By Daniel MacIvor. Directed by Linda Moore. An Arts Club Theatre Company production. At the Granville Island Stage on Wednesday, October 17. Continues until November 10
His Greatness isn't great. Much of Act One is a waste; but the script contains one passage of real beauty, and there are three excellent performances in this production.
In this new work, playwright Daniel MacIvor imagines two days in the life of Tennessee Williams when he was in Vancouver in 1980 rehearsing The Red Devil Battery Sign at the Playhouse.
MacIvor's story is about abandonment–by love and by genius–but it takes too long to establish those terms. MacIvor sets his tale in a formerly grand hotel room. In Act One, the character he calls the Playwright is attended to by a one-time lover and long-time companion, identified as the Assistant, who organizes the Playwright's schedule and stops him from killing himself with alcohol and cocaine. The Assistant hires a hustler called the Young Man to be the Playwright's companion on opening night.
None of this matters very much. The relationship between the Playwright and his assistant is an uninteresting marriage. The two natter and exchange easy insults. The writing exposes no depth of love, and no compelling threat to their bond. It's hard to care about how the opening will go, because we are told in many ways that the Playwright's new work is crap.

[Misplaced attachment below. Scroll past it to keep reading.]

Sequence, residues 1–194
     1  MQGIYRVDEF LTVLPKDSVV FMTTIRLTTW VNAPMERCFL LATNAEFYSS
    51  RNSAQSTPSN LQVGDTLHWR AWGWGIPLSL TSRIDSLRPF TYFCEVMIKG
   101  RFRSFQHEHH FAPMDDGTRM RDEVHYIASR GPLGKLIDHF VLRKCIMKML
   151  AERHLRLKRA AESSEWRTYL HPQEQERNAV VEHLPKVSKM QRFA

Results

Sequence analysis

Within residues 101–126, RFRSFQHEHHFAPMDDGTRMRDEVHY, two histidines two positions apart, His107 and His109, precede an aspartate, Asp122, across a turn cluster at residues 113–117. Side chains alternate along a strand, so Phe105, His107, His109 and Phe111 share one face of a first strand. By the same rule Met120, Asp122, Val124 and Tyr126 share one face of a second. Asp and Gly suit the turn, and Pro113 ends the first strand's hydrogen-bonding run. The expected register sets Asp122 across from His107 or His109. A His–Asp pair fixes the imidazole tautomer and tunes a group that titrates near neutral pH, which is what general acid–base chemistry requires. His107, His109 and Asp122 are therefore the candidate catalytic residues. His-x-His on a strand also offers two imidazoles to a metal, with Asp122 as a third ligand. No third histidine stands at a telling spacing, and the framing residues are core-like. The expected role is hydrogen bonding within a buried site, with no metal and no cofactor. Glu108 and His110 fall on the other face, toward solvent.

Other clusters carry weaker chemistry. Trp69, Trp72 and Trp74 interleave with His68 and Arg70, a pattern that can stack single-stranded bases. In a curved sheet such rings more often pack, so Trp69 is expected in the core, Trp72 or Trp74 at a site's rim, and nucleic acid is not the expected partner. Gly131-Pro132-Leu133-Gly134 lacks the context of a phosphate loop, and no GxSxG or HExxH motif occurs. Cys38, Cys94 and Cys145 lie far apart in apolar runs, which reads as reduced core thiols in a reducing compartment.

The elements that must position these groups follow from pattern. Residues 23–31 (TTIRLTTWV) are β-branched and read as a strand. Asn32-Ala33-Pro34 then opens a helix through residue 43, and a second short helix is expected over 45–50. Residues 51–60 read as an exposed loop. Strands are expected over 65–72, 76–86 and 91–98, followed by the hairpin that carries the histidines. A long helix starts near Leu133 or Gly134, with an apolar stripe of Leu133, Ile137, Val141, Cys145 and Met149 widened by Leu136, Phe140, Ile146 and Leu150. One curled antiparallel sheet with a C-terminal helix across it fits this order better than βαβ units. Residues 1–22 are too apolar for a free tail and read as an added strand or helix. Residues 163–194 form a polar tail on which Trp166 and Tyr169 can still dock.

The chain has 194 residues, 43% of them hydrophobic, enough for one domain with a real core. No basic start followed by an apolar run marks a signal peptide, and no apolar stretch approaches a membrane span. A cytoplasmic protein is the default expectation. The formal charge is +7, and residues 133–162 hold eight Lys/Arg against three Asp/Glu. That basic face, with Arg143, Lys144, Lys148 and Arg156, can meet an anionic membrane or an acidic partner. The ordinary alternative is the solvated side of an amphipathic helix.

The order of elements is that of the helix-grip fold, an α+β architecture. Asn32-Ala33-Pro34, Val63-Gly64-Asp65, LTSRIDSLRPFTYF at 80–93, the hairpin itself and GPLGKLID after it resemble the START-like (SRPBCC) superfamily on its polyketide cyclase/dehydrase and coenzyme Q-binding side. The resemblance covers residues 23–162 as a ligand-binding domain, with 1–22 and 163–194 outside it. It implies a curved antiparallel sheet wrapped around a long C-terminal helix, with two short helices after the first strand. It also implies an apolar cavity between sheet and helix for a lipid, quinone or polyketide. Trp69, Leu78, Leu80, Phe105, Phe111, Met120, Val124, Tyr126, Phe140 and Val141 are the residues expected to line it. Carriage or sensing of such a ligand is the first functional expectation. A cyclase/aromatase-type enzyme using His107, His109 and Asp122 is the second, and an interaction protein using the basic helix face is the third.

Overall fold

Surprisingly, transcendence arrives just before intermission. The three men return from the opening feeling unexpectedly victorious. The unschooled Young Man is genuinely and deliriously enthusiastic about the Playwright's talent. The Playwright dismisses the Assistant, dims the lights in his hotel room, and finds a piano sonata on the radio. Then he asks the Young Man to strip to his underwear and read to him from one of his scripts. However fleetingly, the beautiful youth becomes the Playwright's muse. Finally, His Greatness hits home.
After this belated setup, the second act is stronger than the first. Now that love and talent have gained some importance, it matters when the Assistant and the Young Man fight for preeminence in the Playwright's life, and when the Playwright's hopes are dashed by negative reviews.
The music in the underwear scene made me doubly aware of how much I longed for literary music–for poetry–elsewhere. The Playwright's opening and closing monologues are lovely. The dialogue generally isn't.
As written, the Young Man is the least predictable and therefore the most interesting figure. Recent Studio 58 graduate Charles Christien Gallant triumphs in the role. Confidently and subtly, Gallant fills his character's body and lets it speak its own language of bluff and vulnerability. As the Playwright, Allan Gray does an excellent impersonation and, beyond that, presents a formidable portrait of a man capable of frightening depths of feeling. David Marr makes The Assistant emotionally trim and tailored, as he should be.
Alan Brodie's lighting is appropriately superb in this homage to Williams, who cared so much about illumination.